When we think of identity theft, our minds typically go to the culprits opening up credit card accounts or getting loans using another person's information. Identity theft has gone up over the last five years, and according to the Federal Trade Commission (FTC), the number of reported identity theft cases in 2021 increased more than 70% over 2020.
The FTC reported that they “received fraud reports from more than 2.8 million consumers last year, with the most commonly reported category being imposter scams, followed by online shopping scams.
Prizes, sweepstakes, and lotteries; internet services; and business and job opportunities rounded out the top five fraud categories.
On June 28 of this year the FBI issued a warning about the increase in reports of the use of deepfakes and stolen Personally Identifiable Information (PII) to apply for a variety of remote work and work-at-home positions. A deepfake is described as a video of a person in which their face or body has been digitally altered so that they appear to be someone else, typically used maliciously or to spread false information.
During Covid many companies moved to remote work for its employees to hinder the spread of the virus. While that has helped the workforce to avoid catching the virus, it has also increased the opportunities for bad actors to exploit the situation.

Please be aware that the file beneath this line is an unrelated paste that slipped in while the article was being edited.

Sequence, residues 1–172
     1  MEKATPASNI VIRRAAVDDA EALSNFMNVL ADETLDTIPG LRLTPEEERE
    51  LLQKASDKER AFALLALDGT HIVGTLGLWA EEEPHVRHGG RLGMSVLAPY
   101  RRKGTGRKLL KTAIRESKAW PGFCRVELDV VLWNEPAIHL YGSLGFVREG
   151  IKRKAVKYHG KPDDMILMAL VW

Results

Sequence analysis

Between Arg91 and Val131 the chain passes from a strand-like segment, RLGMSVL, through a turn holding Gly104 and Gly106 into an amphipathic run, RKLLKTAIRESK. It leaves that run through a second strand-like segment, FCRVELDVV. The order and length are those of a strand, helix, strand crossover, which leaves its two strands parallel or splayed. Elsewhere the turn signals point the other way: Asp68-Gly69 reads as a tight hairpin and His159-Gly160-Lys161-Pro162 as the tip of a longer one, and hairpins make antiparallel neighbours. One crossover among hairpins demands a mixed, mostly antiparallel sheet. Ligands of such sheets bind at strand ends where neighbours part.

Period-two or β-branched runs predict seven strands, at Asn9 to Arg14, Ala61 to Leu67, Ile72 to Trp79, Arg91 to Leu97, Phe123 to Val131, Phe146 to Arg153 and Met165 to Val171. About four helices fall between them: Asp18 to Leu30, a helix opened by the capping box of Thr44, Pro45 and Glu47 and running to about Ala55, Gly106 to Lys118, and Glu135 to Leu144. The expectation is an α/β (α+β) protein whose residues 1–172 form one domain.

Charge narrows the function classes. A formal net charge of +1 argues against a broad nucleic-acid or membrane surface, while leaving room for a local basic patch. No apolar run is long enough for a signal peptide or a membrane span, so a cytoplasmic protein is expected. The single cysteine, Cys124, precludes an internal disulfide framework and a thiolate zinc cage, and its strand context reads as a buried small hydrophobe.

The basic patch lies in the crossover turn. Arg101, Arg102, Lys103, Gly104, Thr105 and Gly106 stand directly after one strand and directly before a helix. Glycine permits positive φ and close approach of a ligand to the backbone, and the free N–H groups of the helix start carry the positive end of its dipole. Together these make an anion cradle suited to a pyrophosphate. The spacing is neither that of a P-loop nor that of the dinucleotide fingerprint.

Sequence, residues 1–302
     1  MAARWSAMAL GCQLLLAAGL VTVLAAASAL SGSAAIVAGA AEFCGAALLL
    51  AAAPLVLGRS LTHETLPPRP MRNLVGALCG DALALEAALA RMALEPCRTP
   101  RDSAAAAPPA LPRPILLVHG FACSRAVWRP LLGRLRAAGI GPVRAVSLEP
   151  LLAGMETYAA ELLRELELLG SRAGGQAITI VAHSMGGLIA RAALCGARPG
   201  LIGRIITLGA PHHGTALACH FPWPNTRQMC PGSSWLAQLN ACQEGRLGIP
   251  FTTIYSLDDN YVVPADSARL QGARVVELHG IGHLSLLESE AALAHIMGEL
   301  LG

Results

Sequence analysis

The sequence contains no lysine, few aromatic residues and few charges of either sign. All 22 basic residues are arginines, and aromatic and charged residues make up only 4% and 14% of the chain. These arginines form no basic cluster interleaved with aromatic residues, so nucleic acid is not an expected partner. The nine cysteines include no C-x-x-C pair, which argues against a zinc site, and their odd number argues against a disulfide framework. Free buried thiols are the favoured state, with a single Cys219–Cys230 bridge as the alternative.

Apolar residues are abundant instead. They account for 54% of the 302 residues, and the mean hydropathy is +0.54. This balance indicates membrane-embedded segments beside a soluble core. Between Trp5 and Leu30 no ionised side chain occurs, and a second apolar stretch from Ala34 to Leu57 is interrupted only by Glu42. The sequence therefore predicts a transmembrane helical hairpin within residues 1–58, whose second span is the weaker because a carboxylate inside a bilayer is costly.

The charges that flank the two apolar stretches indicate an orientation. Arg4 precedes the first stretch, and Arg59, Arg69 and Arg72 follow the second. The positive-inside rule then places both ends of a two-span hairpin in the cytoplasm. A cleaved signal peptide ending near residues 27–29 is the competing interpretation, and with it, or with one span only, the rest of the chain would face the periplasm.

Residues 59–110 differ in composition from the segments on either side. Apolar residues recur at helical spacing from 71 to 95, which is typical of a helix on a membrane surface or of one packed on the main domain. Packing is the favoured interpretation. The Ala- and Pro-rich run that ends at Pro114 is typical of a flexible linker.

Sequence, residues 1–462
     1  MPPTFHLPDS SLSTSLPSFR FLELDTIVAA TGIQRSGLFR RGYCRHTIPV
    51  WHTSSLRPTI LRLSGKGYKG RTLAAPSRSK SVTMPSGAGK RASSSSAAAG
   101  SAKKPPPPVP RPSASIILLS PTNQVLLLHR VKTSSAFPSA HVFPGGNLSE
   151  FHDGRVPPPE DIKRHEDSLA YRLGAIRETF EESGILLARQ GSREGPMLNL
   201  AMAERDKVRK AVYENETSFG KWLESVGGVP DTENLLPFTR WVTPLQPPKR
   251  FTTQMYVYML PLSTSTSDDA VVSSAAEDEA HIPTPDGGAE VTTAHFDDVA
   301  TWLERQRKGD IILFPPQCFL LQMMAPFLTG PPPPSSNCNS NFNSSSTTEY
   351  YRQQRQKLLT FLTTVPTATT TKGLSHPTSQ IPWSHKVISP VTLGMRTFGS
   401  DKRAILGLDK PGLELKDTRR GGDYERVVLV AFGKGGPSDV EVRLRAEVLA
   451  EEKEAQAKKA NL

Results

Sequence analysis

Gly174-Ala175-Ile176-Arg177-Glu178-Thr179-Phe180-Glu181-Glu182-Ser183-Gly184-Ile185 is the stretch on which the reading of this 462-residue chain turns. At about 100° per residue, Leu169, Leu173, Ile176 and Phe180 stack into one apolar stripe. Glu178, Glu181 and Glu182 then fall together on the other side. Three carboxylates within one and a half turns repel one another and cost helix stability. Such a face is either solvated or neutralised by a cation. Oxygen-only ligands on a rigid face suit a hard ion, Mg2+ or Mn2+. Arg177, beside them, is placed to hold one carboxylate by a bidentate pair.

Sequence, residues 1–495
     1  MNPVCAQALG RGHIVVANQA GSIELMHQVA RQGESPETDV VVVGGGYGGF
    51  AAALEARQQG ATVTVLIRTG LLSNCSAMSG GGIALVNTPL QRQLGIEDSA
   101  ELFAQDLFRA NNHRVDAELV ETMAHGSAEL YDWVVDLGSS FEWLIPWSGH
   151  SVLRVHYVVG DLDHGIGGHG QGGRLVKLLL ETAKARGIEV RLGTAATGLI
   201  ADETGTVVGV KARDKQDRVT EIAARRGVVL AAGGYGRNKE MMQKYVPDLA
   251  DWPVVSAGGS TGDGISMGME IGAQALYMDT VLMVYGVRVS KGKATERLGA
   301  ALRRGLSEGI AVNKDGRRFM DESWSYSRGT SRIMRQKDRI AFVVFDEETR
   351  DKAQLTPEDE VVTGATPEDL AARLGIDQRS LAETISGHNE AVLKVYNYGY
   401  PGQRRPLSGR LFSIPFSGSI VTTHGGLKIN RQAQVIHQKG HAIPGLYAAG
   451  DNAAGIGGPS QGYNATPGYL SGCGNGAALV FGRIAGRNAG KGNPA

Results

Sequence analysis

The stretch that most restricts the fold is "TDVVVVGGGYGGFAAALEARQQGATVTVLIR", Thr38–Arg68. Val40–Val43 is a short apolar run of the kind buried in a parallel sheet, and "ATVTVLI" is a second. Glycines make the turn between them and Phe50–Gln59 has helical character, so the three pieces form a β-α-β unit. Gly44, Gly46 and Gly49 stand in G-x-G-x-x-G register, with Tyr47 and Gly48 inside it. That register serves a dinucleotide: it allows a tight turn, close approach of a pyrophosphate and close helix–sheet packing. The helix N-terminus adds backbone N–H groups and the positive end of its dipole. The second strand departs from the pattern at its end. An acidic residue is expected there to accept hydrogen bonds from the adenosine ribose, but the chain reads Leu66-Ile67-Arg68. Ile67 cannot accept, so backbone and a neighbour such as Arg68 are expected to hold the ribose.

The fraudulent applicants are going after IT related positions that can give them access to employee and customer personally identifiable information (PII), as well as financial information, corporate databases, and company proprietary information.
When using remote options for the interview process, look out for lip movements, coughing, sneezing, and other such actions not lining up with the audio of the applicant. Paying close attention to what is happening on the screen during the interview process can help to avoid being scammed by phony applicants.
It can be a challenge to find candidates to fill open positions, and employers may be tempted to rush someone through the hiring process. However, this could be a costly mistake if a deepfake applicant is hired.
Not surprisingly, FBI Supervisory Special Agent Brian Blauser recommends that employers make sure to follow through with all of their pre-employment processes such as background checks. When it is difficult to find applicants to fill required positions it can be tempting to skip steps to get someone onboard, but that is a risk that could result in hiring a deepfake employee.
Basic areas of background checking such as social security numbers and/or dates of birth not matching can bring to light potential issues. Typos are often made with this information. Clarifying with the applicant and making sure the correct information is obtained is important.
This is a new area for scammers but is happening more and more frequently. Make sure to complete your due diligence and pay close attention to online interviews.
Additional ASE Resources
ASE Background Screening – Protect your organization from the cost of a bad hire with ASE pre-employment background checking services. Our system is easy to use with simplified applicant entry and integrates with many ATS systems.
Sources: hrdrive.com; mcafee.com; ftc.gov; ic3.gov